Fulvia, Second Wife of Marc Antony, Autumn - December 43 B.C.

|Marc| |Antony|, |Fulvia,| |Second| |Wife| |of| |Marc| |Antony,| |Autumn| |-| |December| |43| |B.C.|, |quinarius|
In 42 BC, Antony and Octavian left Rome to pursue Julius Caesar's assassins. Fulvia was left behind as the most powerful woman in Rome. Cassius Dio wrote that she "..managed affairs herself, so that neither the senate nor the people transacted any business contrary to her pleasure." When Octavian returned in 41 BC, he accused Fulvia of aiming at supreme power. With Lucius Antonius, she raised eight legions to fight against Octavian, an event known as the Perusine War. Octavian's soldiers at Perusia used sling bullets inscribed with insults directed at Fulvia personally. Octavian besieged and starved Lucius into surrender in February 40 BC, after which Fulvia fled to Greece. Anthony reconciled with Octavian, blaming Fulvia for their quarrel. Fulvia, in exile at Sicyon, died soon after of an unknown illness. Anthony married Octavian's sister Octavia, and she reared all of Fulvia's children.
SH49524. Silver quinarius, Crawford 489/5, Sear CRI 122, Sydenham 1160, RSC I 4, RPC I 512, BMCRR Gaul 40, SRCV I 1518, aVF, toned, weight 2.142 g, maximum diameter 13.3 mm, die axis 270o, Lugdunum (Lyon, France) mint, autumn - Dec 43 B.C.; obverse winged bust of Victory right, with the likeness of Fulvia; reverse LVGV/DVNI (counterclockwise, in exergue and above), lion walking right, flanked by A - XL (year 40, Anthony's age); scarce; SOLD

Roman Republic, Gnaeus Domitius Ahenobarbus, 41 - 40 B.C.

|The| |Tyrannicides|, |Roman| |Republic,| |Gnaeus| |Domitius| |Ahenobarbus,| |41| |-| |40| |B.C.|, |denarius|
Gnaeus Domitius Ahenobarbus supported Cassius and Brutus following the assassination of Caesar and served as a naval commander in the Ionian Sea, opposing the Second Triumvirate, when this coin was struck. He later reconciled with Mark Antony and his son, and only child, was married to the daughter of Antony and Octavia. Disgusted with Anthony's relationship with Cleopatra, he switched his allegiance to Octavian before Actium. He was a great-grandfather of the emperor Nero.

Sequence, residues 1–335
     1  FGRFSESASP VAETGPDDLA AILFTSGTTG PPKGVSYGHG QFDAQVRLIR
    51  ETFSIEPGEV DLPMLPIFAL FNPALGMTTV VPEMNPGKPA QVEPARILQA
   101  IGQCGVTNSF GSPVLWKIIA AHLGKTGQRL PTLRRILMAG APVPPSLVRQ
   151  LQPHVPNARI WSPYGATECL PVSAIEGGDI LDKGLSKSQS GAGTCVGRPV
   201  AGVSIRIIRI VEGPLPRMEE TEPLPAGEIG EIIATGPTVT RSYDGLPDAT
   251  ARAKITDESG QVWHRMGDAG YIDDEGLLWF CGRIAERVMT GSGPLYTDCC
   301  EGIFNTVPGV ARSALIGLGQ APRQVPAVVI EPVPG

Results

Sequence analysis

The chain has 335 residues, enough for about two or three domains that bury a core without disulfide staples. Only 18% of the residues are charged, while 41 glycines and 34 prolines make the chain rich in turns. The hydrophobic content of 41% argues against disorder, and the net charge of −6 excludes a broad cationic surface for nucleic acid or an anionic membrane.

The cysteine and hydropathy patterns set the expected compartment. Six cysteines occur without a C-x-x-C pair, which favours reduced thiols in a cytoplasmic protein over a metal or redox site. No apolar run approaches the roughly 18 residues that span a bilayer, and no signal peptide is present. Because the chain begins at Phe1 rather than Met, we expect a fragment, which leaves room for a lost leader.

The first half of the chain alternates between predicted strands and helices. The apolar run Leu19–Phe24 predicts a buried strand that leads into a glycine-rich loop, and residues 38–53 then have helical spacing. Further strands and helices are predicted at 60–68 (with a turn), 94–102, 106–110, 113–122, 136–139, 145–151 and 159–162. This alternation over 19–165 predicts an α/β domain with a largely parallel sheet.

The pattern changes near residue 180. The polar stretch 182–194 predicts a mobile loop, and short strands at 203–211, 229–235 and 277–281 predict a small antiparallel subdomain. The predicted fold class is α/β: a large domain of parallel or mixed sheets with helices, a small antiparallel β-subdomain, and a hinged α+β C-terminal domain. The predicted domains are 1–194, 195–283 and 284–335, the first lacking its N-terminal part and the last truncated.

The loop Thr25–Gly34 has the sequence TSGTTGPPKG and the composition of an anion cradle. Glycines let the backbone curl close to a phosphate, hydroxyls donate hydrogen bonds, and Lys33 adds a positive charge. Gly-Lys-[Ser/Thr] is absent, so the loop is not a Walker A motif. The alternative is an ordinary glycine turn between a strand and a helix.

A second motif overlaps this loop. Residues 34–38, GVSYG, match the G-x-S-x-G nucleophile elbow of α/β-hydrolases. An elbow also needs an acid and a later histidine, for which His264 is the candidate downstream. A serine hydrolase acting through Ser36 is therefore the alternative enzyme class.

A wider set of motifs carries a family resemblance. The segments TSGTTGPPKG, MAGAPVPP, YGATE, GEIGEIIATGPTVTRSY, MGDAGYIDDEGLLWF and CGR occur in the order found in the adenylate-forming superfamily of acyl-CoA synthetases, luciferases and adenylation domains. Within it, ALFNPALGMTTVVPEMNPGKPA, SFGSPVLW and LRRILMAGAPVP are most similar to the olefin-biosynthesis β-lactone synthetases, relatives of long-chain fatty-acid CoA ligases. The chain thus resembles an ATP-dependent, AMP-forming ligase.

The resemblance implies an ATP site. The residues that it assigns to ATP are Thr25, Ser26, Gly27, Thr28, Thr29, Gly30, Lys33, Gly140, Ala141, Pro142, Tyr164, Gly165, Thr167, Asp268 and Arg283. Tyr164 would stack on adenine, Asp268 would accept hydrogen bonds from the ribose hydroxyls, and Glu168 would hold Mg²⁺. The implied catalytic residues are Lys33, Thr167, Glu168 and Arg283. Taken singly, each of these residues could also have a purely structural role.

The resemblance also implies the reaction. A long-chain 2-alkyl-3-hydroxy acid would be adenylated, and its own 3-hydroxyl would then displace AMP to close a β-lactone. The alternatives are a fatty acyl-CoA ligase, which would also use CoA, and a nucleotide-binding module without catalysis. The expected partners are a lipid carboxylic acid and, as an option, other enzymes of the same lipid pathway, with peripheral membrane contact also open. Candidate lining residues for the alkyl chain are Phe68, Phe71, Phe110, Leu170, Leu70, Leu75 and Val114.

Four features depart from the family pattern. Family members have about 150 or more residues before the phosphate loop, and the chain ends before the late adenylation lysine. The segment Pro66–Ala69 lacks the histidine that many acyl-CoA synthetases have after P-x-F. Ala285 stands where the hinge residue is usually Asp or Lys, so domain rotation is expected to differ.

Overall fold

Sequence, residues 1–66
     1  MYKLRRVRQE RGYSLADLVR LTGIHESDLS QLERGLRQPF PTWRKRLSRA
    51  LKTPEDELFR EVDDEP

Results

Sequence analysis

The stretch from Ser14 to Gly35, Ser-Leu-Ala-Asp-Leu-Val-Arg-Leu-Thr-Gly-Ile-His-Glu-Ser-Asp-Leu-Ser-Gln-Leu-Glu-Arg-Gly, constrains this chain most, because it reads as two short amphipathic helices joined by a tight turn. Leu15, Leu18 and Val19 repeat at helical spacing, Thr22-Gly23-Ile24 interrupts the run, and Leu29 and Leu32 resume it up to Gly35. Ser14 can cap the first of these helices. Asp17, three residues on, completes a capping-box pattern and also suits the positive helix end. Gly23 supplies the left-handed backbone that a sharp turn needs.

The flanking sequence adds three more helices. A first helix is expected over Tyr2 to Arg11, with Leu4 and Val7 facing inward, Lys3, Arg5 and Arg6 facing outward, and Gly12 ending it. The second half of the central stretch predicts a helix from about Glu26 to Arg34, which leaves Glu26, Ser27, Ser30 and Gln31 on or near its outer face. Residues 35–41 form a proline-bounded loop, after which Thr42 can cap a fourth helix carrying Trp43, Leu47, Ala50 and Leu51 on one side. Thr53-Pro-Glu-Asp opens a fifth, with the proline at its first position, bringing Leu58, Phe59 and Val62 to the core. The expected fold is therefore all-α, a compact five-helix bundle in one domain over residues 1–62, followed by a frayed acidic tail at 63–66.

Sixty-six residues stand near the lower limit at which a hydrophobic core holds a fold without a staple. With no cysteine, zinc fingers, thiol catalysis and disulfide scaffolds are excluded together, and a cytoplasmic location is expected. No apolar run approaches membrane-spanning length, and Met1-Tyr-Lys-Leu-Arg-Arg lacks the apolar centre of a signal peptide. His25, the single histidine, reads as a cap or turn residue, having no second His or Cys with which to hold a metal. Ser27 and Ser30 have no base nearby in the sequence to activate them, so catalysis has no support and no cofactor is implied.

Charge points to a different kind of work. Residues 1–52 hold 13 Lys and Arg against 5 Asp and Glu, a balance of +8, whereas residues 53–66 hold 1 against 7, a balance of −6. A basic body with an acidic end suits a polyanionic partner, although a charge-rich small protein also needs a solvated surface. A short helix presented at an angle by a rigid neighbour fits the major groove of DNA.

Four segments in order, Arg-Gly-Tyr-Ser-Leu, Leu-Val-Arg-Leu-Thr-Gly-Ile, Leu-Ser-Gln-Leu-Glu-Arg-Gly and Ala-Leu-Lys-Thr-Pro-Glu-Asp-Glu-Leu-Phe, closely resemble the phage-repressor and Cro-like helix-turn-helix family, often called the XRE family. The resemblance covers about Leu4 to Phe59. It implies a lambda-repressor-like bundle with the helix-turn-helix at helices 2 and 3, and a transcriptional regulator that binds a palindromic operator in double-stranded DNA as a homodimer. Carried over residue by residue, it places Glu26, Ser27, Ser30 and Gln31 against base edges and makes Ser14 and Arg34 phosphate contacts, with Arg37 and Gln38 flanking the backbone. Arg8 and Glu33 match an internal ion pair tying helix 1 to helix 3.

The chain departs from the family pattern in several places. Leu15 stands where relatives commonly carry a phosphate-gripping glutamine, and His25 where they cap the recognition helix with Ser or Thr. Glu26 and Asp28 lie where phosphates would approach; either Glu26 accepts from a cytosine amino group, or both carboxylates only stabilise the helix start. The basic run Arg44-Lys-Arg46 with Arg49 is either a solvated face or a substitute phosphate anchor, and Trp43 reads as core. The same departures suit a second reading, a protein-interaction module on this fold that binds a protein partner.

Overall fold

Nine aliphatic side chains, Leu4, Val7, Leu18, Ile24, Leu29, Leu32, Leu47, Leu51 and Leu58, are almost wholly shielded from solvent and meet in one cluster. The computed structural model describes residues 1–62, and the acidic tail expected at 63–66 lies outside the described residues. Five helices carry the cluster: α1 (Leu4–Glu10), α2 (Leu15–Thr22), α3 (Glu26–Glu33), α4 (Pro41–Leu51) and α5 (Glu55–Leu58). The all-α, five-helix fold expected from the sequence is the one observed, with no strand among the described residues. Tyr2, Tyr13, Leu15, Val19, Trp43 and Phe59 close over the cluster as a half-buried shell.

RS48320. Silver denarius, Crawford 519/2, Sydenham 1177, RSC I Domitia 21, F, well centered, weight 3.546 g, maximum diameter 18.4 mm, die axis 270o, Uncertain Adriatic or Ionian mint, 41 - 40 B.C.; obverse AHENOBAR, bare head of Ahenobarbus right; reverse CN DOMITIVS IMP, trophy on prow right; budget example of a very desirable type!; SOLD

England, Henry VI, 1422 - 1461 and 1470 - 1471

|England|, |England,| |Henry| |VI,| |1422| |-| |1461| |and| |1470| |-| |1471|, |groat|
Henry seems to have been a decent man, but completely unsuited to kingship. He was totally dominated by the power-hungry factions at court and powerless to stop the outbreak of bloody civil war. It was clearly too much for him to cope with, as his recurring mental illness from 1453 onwards showed. During the Wars of the Roses it was his queen, Margaret, who was the driving force behind the Lancastrian faction, while Henry was captured first by one side, then the other. Whoever had the king in their possession was able to claim to be ruling in his name.

In 1590, William Shakespeare wrote a trilogy of plays about the life of Henry VI: Henry VI, part 1, Henry VI, part 2, and Henry VI, part 3. Henry also appears as a ghost in Richard III.
SH48280. Silver groat, Annulet issue, SCBC 1836, North 1427, gVF, toned, weight 3.816 g, maximum diameter 26.8 mm, Calais mint, first reign, 1427 - 1430; obverse + HENRIC' DI' GRA' REX ANGLIE Z FRANC (Henry, by the Grace of God, King of England and France), facing crowned bust of Henry, an annulet on each side of neck, within a tressure of nine arcs; reverse POSVI DEVM ADIVTORE MEVM (I have made God my helper), VILLA CALISIE (Town of Calais), long cross patte, three pellets in each quarter; SOLD

Macrinus, 11 April 217 - 8 June 218 A.D., Beroea, Cyrrhestica, Syria

|Macrinus|, |Macrinus,| |11| |April| |217| |-| |8| |June| |218| |A.D.,| |Beroea,| |Cyrrhestica,| |Syria|, |tetradrachm|
Aleppo is called Halab in Hittite documents of the second millennium B.C. The city opened its gates to Alexander after the Battle of Issus. Seleucus built a new city nearby and named it Beroea. Saint Paul records that his preaching at Beroea was a great success. The city was sacked by the Persians in 540, and captured by the Muslims without a fight in 637.
RY48308. Silver tetradrachm, Prieur 896, gVF, fantastic portrait, toned, weight 12.054 g, maximum diameter 24.6 mm, die axis 225o, Cyrrhestica, Beroea (Allepo, Syria) mint, 11 Apr 217 - 8 Jun 218 A.D.; obverse AYT K M OΠ-CE MAKPINOC CE, laureate, draped, and cuirassed bust right, from behind; reverse ∆HMAPX EΞ YΠATOC Π Π (holder of Tribunitian power, consul, father of the country), eagle standing front, wings spread, head left, wreath in beak, B - E flanking winged animal standing facing between eagle's legs; SOLD

Antoninus Pius, August 138 - 7 March 161 A.D.

|Antoninus| |Pius|, |Antoninus| |Pius,| |August| |138| |-| |7| |March| |161| |A.D.|, |denarius|
The Romans believed that Fortuna, after deserting the Persians and Assyrians, took flight over Macedonia and saw Alexander perish as she passed into Egypt and into Syria. At last arriving on Mount Palatine, she threw aside her wings and casting away her wheel, entered Rome where she took up her abode forever.
RS48337. Silver denarius, RIC III 300a, RSC II 383, EF, weight 3.221 g, maximum diameter 18.1 mm, die axis 0o, Rome mint, 159 - 160 A.D.; obverse ANTONINVS AVG PIVS P P TR P XXIII, laureate head right; reverse FORTVNA COS IIII, Fortuna standing right, long rudder on globe in right hand, cornucopia turned inward in left hand; a beautiful denarius, fine style; SOLD